Victorian garden ramble

My novel characters often take a ramble when life gets too much for them. Victorians particularly loved their gardens, but any movement in the fresh air calmed their heart rate and lowered their blood pressure. It’s the same for us today. In fact, it’s all the more possible since the pandemic allows more people than ever to work from home.

Last weekend I had the pleasure of spending a few glorious hours outside in the gardens of the Stevens-Coolidge House in Andover, Massachusetts. Though built in 1914, both the house and gardens had elements that harked back to earlier times. These reminded me of the Victorian era when Daniel Anthony and his wife Annie furnished a beautiful home in Leavenworth, KS.

Author Jeanne Gehret at Stevens-Coolidge House

Botanical and historical delight

During our July visit, the rambling perennial garden was in full bloom. The garden view from the home’s morning room made me nostalgic for times when I’ve relaxed with a book and lemonade outside.

I was particularly interested in the serpentine wall in the above photo where I’m enjoying the shade. This wall commemorates one of the owners’ ancestors Thomas Jefferson, who built a similar one at the University of Virginia. Besides its beauty, it’s notable because it is only one brick wide, as you can see in this photo of the wall’s top.

Top of serpentine wall

I do a lot of research into Victorian culture, architecture, and fashion for my historical novels about the Anthonys of Kansas. I’ve seen pictures of the lovely plantings around their Leavenworth home. And I’ve read newspaper accounts of them picnicking in their yard, swinging in the hammock. While the serpentine wall isn’t a hallmark of that era (1837-1901) I did find a beautiful Victorian home in Knoxville, Tennessee that has a similar wall. It’s not surprising, really, because many Victorians were avid gardeners.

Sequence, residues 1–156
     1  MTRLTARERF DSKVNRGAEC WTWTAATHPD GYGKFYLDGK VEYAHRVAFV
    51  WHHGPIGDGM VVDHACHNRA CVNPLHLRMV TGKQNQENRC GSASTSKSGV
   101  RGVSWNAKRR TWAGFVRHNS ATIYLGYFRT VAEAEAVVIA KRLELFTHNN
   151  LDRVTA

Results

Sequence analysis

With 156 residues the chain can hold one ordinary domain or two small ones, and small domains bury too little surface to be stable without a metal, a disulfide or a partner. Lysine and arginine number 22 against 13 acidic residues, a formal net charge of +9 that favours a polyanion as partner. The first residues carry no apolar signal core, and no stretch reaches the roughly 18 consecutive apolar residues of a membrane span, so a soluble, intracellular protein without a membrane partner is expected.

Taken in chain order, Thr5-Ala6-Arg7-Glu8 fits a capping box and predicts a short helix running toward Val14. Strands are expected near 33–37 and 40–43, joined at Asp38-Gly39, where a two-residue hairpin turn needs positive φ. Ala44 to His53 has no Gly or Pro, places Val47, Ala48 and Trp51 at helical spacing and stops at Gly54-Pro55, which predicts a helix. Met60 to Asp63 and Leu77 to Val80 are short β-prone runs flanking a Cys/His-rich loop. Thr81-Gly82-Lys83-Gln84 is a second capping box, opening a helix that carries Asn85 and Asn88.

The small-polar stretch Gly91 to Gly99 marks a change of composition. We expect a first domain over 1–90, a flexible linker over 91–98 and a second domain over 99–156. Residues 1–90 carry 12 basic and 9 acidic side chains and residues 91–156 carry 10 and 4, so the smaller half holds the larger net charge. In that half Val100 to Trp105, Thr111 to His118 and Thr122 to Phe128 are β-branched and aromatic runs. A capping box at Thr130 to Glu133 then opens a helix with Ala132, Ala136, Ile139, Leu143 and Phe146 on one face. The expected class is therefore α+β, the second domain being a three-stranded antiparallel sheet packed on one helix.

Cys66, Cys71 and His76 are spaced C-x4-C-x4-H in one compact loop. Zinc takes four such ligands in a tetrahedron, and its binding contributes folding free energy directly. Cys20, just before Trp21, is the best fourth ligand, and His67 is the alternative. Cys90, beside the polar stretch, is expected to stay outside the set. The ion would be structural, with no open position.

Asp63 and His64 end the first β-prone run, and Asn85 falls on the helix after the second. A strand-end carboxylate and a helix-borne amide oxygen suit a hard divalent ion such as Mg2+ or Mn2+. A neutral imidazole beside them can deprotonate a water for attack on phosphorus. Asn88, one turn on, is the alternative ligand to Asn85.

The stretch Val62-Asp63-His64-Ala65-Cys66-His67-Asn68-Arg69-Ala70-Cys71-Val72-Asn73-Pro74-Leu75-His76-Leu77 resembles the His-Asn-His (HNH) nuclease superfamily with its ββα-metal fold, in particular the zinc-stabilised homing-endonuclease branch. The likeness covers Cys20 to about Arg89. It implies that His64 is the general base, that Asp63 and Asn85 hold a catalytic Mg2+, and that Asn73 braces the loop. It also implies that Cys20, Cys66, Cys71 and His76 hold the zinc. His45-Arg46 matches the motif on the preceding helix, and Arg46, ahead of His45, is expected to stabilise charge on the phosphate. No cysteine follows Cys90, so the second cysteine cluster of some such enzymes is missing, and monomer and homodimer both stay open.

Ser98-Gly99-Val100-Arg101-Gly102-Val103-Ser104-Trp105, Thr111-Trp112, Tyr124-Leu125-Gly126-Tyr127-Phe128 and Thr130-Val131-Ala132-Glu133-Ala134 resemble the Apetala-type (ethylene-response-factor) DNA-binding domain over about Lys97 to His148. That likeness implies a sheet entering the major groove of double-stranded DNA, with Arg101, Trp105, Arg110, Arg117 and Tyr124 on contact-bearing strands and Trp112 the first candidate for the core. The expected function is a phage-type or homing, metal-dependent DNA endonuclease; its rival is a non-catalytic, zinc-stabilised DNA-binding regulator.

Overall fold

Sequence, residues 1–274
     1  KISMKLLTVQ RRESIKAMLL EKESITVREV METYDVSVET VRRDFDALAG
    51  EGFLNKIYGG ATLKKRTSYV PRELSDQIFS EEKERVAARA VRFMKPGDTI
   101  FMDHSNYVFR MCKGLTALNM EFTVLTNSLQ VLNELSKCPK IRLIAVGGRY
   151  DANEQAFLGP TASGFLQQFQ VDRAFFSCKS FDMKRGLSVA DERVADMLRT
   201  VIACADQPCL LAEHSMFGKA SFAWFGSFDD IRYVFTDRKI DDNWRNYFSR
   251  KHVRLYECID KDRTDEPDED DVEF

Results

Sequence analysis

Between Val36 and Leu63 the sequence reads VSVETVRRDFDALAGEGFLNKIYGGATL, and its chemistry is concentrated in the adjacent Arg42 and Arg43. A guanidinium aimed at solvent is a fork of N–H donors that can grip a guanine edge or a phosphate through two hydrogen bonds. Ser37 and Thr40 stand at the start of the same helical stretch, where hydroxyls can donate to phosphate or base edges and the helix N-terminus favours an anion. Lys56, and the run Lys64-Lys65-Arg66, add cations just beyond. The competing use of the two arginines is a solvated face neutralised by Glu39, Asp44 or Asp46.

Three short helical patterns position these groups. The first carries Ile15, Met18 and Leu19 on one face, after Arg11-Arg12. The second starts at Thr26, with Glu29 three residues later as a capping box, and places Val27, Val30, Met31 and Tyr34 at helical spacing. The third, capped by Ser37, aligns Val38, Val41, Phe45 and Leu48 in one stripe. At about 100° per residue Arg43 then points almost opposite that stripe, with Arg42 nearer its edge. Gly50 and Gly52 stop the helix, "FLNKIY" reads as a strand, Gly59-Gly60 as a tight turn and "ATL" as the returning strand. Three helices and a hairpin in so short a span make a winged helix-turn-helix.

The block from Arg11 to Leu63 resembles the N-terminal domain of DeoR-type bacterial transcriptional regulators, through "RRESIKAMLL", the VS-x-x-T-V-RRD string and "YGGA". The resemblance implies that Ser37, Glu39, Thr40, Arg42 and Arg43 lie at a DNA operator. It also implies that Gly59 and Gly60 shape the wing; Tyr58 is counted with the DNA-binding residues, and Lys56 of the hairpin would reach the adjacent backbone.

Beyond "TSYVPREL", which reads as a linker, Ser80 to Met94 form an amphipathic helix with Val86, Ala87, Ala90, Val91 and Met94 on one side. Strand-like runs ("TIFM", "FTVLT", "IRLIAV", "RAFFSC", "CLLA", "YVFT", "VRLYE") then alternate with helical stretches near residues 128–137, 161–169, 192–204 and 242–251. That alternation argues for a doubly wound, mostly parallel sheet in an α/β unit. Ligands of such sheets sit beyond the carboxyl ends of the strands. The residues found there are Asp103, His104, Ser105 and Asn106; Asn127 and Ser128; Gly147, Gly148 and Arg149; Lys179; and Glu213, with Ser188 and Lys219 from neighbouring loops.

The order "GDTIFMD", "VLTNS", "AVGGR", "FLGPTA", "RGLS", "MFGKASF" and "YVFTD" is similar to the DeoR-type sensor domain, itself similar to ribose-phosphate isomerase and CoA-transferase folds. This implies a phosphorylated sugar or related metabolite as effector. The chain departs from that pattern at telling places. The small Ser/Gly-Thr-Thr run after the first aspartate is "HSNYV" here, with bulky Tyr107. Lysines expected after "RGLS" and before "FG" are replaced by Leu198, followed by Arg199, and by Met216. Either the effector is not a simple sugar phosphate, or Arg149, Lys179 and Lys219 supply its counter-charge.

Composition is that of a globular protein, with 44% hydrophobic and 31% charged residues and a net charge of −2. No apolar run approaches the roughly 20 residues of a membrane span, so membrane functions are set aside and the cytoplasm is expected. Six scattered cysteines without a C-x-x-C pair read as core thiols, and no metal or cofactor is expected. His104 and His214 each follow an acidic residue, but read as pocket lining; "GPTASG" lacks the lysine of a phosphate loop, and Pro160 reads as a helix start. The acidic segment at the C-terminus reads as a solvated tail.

Here’s a peek at more details of Westwood in Knoxville.

What can we learn from the garden-obsessed Victorians?

The Victorians, and even people before Thomas Jefferson, knew the value of gardens to calm and restore us. They knew that observing the patterns of nature reminds us of whatever is stable and reliable in our lives. As a grandmother, I’ve seen several educational bandwagons sweep through our schools. Even so, I have confidence in teachers who suss out what’s best for individual children, regardless of trendy teaching practices. The presence of mature trees reminds us that desired social changes really can blossom over time. An hour in the woods removes us from people who expose us to dangerous viruses or toxic thoughts. These things never alter.

Like us, the Victorians experienced a period of tremendous social adjustment. Their contemporaries were debating reforms such as the antislavery movement and women’s rights. Industrialization was causing pollution and prompting those who could afford it to move out of cities, at least for the summer. They endured the Mexican War and the American Civil War. The sewing machine, telephone, and electric lights changed home life.  Cholera struck, and so did economic downturns such as the one in 1837 that bankrupted Daniel Anthony, father of suffragist Susan B. Anthony and her brother Daniel. As a result, neither sibling could complete their schooling. Despite this traumatic event, both went on to score big social reforms.

Take a page from the Victorians: spend some time in the shade of a tree or even in the moonlight. Listen to the wind and marvel at nature’s many forms. Breathe.

Three Fun Ways to Learn About Historical People

Historical people are fun to research–if you know how. It’s one thing to look them up on the census or visit their graves. Even reading about them in a biography gives only a one-dimensional view of them. It’s another thing altogether to get a sense of their manner of speaking, temperament, and habits.

Historical research since 1992